top of page

A Moment in the Mirror: Meaningful DEIB Change Begins with Us


A small chess piece in front of a mirror reflecting a larger chess piece, with a teal overlay and the blog title text, A Moment in the Mirror: DEIB Change Begins with Us

At DRG, we’re vocal about our commitment to fostering diverse environments, promoting equitable and inclusive practices, and creating a sense of belonging for all. We often hear from many of you who are committed to the same in your own organizations as well. We also hear regularly how difficult it is to make progress toward what was touted as a shared commitment in the not-so-distant past. This lack of forward momentum is not only disheartening to experience, but also runs the risk of damaging your organization’s potential future—a future with an increasingly diverse donor base that is looking for more than empty promises from the nonprofits they support.


So, how can we keep these crucial Diversity, Equity, Inclusion, and Belonging (DEIB) initiatives on the path to success? In my experience, one significant and often overlooked element is much closer than it may appear. The key to meaningful change lies not in outcomes from the DEIB committee’s bimonthly meetings, but within each of us – and only by developing a deeper understanding of ourselves can we begin to make a lasting impact on the people, policies, and practices that make up our organizational culture.


For decades, effective DEIB educators have endorsed the concept of “doing your own work,” underscoring the importance of exploring not only one’s identities and experiences, but also one’s own biases, stereotypes, and privilege. While the work itself is not always simple or easy, the reason for doing it is powerfully straightforward: self-awareness leads to empathy. And empathy is essential to understanding the experiences, perspectives, and challenges of others.


Through reflection of our own thoughts, behaviors, and attitudes, we can identify areas where we may hold unconscious biases or exhibit microaggressions. This self-awareness enables us to approach DEIB conversations with more empathy and understanding, creating a more inclusive environment where all voices are heard and respected. What we see all too often in our organizations is that leadership is eager to endorse a public commitment to DEIB initiatives but unwilling to make the personal sacrifice of the time, energy, and self-reflection required to ensure it leads to consequential improvement.


The reason this reluctance often stalls our collective efforts is that transformative DEIB initiatives involve addressing systemic inequalities. To be effective with DEIB initiatives, it's essential to recognize one's own privilege and the power dynamics at play. Developing greater self-awareness helps individuals acknowledge their advantages and reveal opportunities to use their privilege for positive change.


This is admittedly an uncomfortable proposition for many leaders, but it’s impossible to make real progress without taking this step. When individuals understand their own positions of power, they can actively work to amplify marginalized voices and promote equity.


Developing self-awareness also helps overcome another obstacle in DEIB, which is our ability to acknowledge and address biases and stereotypes. Unaddressed bias, whether implicit or explicit, can easily derail the best laid DEIB plans, yet it’s nearly impossible to confront misinformed preconceptions in others without first acknowledging it within ourselves. Bias training and education are valuable tools that can help address this, and are most effective when individuals are open to recognizing them and committed to change. We highly recommend a facilitated training to help you, your team and leaders explore this further, but this online test can be a great starting place for awareness that leads to self-reflection and growth.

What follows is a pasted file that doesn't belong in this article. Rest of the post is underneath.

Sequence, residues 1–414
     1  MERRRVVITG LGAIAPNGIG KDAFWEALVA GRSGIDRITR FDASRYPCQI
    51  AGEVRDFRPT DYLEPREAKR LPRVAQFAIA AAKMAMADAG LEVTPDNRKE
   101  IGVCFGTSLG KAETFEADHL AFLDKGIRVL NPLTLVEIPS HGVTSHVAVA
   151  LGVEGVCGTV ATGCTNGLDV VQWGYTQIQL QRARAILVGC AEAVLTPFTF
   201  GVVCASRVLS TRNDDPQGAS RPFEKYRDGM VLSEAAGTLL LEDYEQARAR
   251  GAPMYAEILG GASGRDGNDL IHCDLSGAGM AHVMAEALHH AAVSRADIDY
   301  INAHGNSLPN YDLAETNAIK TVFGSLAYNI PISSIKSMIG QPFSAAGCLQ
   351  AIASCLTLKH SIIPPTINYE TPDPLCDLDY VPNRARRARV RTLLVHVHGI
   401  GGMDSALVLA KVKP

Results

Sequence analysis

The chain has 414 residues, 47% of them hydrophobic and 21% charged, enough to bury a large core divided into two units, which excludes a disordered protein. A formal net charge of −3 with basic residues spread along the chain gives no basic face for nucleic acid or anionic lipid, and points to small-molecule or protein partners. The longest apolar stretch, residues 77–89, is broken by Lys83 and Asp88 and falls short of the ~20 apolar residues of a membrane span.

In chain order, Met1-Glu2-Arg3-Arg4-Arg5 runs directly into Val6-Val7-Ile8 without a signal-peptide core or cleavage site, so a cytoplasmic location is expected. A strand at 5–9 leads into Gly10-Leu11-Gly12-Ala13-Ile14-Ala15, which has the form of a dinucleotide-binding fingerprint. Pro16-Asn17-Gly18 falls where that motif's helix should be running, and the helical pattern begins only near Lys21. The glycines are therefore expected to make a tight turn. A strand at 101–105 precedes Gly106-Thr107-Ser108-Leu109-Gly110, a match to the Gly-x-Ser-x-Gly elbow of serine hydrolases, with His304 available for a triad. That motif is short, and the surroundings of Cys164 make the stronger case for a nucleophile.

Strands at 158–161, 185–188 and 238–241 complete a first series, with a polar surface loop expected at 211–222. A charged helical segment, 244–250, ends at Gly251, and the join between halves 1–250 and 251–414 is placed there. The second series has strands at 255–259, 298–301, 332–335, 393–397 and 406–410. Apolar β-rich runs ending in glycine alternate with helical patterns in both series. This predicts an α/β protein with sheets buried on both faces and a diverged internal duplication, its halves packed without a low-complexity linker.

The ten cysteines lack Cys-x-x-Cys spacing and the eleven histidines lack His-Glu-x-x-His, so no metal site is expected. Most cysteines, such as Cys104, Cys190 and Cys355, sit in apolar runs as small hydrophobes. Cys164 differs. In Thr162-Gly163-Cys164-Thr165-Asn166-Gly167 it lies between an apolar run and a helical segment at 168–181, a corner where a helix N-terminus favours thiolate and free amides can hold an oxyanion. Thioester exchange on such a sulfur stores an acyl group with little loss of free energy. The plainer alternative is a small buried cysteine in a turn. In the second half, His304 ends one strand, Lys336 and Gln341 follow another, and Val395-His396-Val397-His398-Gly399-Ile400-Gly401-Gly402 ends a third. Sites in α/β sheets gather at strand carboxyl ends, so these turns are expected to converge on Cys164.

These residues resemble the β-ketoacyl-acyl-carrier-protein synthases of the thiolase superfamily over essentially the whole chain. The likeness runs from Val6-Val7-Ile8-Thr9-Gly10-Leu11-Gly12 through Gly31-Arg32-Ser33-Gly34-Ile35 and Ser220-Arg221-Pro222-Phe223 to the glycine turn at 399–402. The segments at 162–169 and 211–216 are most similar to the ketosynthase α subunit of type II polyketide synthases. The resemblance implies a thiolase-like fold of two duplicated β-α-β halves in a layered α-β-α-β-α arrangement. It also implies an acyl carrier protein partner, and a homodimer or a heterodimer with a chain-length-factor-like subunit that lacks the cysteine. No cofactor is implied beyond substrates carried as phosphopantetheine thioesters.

One last and fundamental motivation for “doing the work” on oneself is that it encourages authentic allyship. The Center for Creative Leadership defines allyship as the actions, behaviors, and practices that leaders take to support, amplify, and advocate others, most especially with individuals who don’t belong to the same social identities as themselves.


True allyship is built on authenticity, and it includes a deep personal commitment to DEIB principles. Understanding oneself allows individuals to engage in authentic allyship by aligning their actions with their values—and importantly, when individuals possess greater self-awareness, they can engage with DEIB initiatives without careening into tokenism or performative actions. Authentic allies understand the importance of listening to and learning from marginalized communities, advocating for change, and standing up against discrimination. Our ability to do this successfully lies in a self-awareness that stems from exploration of our own identities, biases, privilege, and actions – an exploration that doesn’t start and stop with our organization’s DEIB committee meeting or group training, but rather is as steadfast and ongoing as our commitment to see these ideals in action.


Now, more than ever, it’s imperative that we remain committed to creating more inclusive and equitable environments for our teams, our donors, and our communities. Without a doubt, doing so will require meaningful change in our organization’s practices and policies. Getting there also merits a moment in the mirror for each of us to ask: have we done the self-work first?



by Matthew S. Helmer [he/him]

Matthew S. Helmer, resident DRG Unicorn, is a lifelong learner in the ongoing pursuit of a more just and inclusive world for all. He believes a commitment to be a little bit better each day goes a long way in discovering what positive contributions he can make toward that goal.

コメント


bottom of page